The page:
I hope you find something here you can use too.
By Sarah Rainey
The latest self-improvement technique is finding favour with everyone from anxious adolescents to stressed executives
First, there was mindfulness – a brain-training technique aimed at achieving mental clarity – which came to the fore in 2011. Fast-forward three years and it’s being taught at organisations as diverse as Google, AOL, Transport for London, Astra Zeneca and the Home Office, with high-profile users such as Bill Clinton extolling its benefits. Next, the great and good took up “transformational breathing”, a US craze that arrived on our shores last year to teach us how best to use our lungs.
But already there’s a new technique in town – and it’s fast-becoming the buzz word of 2014.
“Emotional resilience” is more hard-hitting than many of the other methods promising to keep us cool, calm and collected. Originally developed to help victims of natural disasters and massacres cope with catastrophe, it’s reached our shores and is slowly infiltrating offices, schools and communities.
Ten ways to build your emotional resilience
– See crises as challenges to overcome; not insurmountable problems
– Surround yourself with a supportive network of friends and family
– Accept that change is part of life, not a disaster
– Take control and be decisive in difficult situations
– Nurture a positive view of yourself – don’t talk yourself down or focus on flaws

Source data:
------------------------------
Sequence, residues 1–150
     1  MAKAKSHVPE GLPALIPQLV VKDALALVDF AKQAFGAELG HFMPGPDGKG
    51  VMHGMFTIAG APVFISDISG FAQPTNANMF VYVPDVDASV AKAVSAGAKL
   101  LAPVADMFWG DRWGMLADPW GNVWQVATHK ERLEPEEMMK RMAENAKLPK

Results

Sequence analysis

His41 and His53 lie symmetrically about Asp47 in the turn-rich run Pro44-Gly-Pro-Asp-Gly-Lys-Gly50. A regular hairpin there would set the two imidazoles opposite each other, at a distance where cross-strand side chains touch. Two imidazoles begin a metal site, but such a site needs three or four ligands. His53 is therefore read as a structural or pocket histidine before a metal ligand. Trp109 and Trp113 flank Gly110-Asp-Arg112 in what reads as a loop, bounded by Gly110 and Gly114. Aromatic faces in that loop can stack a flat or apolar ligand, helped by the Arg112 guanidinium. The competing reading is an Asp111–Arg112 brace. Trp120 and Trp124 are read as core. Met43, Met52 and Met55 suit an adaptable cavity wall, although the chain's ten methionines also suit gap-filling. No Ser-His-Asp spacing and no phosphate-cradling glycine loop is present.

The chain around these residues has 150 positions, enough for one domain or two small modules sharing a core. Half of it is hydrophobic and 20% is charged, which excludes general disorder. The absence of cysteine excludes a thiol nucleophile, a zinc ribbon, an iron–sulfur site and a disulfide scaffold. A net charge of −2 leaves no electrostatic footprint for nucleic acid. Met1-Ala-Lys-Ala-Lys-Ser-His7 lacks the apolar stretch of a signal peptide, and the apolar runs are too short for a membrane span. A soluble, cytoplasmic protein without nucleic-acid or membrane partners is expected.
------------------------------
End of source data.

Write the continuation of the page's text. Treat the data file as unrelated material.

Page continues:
– Look for opportunities to improve yourself: a new challenge, social situation or interest outside work. Set goals and plan ways to reach them
– Keep things in perspective: learn from your mistakes and think long-term
– Practise optimism and actively seek the good side of a bad situation
– Practise emotional awareness: can you identify what you are feeling and why?
– Look after yourself, through healthy eating, exercise, sleep and relaxation.
Some people seem to cope with change better than others, even though change is inevitable. Change is happening all the time. The ancient Chinese book of philosophy and guidance, The I Ching is known as ‘The Book of Change(s)’, recognizing that we are living in a state of potentiality. How we cope with change and how we bounce back is largely down to perception. Change can be a threat, an opportunity or a time for reflection.
Black and white categories and cognitive-economy
We make sense of the world, mainly through selective attention and simplification. We wouldn’t be able to cope if we had to process every bit of information that comes our way, so we run a sort of cognitive economy filter. One of the way we simplify is to carve the world up into black and white categories, just like those TV barristers who demand yes or no answers to their questions. These black and white categories are really a model of the world than an accurate representation of the world. …Seeing confidence as an ‘either-or’, ‘have-or-have-not’ state is not very useful. Often there is a lot to be gained by considering the grey area, the excluded middle. This is often where real-life is live and where we can find solutions.
In/tolerance of Uncertainty
…As with all aspects of psychology, the human experience inhabits a spectrum of difference. We all need structure to varying degrees, that same with our tolerance for ambiguity or uncertainty. Those who are more tolerant fare better in times of change. It’s tempting to use the ‘that’s just the way I am’ card, but it is possible to work our tolerances. We can adapt to change by changing our attitudes and perceptions.
Competing Needs: Novelty versus familiarity